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Israel votes on dissolution of parliament

December 8, 2014

The Israeli parliament, known as the Knesset, has begun voting on a bill that could dissolve parliament. New elections could happen as soon as March 17 and Netanyahu is likely to win again as his party's leader.

Israel Knesset Oktober 2014
Image: picture-alliance/dpa/EPA/Kobi Gideon

Israeli lawmakers began a vote Monday on a bill to dissolve parliament. Monday's was the third and final reading of the bill, which is likely to be passed and would set elections as early as March 17.

Israeli Prime Minister Benjamin Netanyahu said he would seek early elections last Tuesday, December 2, and said he would dismiss two ministers who were said to be working against his right-wing nationalist coalition Likud party. A Knesset vote on the bill a day later went though unanimously.

The two ministers, Justice Minister Tzipi Livni and Finance Minister Yair Lapid, both centrists, were said to be working against the prime minister's right-wing policies.

Lapid and Justice Minister Tzipi Livni have both opposed recent proposals from Netanyahu on the budget and on defining Israel as a Jewish state.

"The prime minister will soon call for the dissolution of parliament in order to go to the people and seek a clear mandate to govern Israel," a posting on Netanyahu's official Twitter account read last week.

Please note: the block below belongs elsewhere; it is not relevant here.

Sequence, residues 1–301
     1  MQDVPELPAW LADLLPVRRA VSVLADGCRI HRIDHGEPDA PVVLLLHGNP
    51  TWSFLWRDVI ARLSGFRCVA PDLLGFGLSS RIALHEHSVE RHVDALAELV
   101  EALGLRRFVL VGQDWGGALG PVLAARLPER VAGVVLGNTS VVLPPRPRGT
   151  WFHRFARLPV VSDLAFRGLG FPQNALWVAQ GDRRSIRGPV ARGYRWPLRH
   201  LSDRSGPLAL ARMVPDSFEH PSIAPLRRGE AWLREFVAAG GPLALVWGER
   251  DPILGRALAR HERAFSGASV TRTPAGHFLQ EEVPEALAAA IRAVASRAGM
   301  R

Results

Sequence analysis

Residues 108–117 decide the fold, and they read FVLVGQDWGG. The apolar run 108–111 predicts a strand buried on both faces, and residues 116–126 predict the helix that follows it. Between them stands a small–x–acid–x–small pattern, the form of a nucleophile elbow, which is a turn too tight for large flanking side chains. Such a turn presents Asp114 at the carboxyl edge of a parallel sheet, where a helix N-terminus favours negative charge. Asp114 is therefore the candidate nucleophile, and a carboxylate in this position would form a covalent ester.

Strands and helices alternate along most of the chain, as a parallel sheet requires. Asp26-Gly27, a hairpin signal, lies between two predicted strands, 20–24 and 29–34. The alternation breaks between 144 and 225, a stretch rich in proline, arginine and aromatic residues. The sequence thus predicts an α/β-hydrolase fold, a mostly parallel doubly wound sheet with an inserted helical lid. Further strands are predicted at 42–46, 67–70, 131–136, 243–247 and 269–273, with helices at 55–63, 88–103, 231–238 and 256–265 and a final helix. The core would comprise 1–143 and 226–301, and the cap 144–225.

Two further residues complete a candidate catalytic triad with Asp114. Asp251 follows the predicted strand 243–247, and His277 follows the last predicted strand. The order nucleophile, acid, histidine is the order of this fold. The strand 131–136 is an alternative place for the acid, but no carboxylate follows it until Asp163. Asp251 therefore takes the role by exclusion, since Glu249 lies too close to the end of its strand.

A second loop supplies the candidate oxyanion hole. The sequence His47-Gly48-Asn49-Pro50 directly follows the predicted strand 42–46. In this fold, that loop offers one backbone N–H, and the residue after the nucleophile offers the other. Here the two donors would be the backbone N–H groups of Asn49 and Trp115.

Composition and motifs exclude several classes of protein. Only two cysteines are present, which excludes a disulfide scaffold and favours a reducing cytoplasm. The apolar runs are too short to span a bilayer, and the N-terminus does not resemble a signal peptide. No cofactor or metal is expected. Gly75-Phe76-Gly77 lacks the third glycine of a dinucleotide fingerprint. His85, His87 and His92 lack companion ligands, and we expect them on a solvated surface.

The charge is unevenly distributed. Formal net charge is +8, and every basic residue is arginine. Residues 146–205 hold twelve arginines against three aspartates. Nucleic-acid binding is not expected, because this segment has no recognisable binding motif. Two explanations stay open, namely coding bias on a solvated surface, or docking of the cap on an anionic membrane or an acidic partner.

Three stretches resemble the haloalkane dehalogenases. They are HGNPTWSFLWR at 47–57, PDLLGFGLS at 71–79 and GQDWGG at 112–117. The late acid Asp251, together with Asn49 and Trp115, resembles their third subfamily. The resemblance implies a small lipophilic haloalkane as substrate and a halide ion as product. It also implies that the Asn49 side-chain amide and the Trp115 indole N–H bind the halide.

The 19 Knesset seats held by Lapid's Yesh Atid party make it the largest partner in the prime minister's fragile ruling coalition. In 2013, Lapid had campaigned on such topics as supporting universal enlistment in the military and changing the system of government, as well as criticizing Israel's high cost of living, falling educational standards and political corruption.

Lapid has also said he believes that Netanyahu has veered too far to the right by pushing Jewish settlements in east Jerusalem and the West Bank, and failing to advance the peace process with the Palestinians.

"The prime minister is leading us to unnecessary elections," Lapid told the Jerusalem Post after Netanyahu's announcement last week.

Opinion polls commissioned last week by top TV channels said Netanyahu could win a fourth term at the head his right-wing Likud party, which would remain the largest party in the Knesset.

Netanyahu then has a chance of setting up a right-wing-religious coalition. The current coalition did not contain ultra-Orthodox parties.

sb/bw (AP, dpa)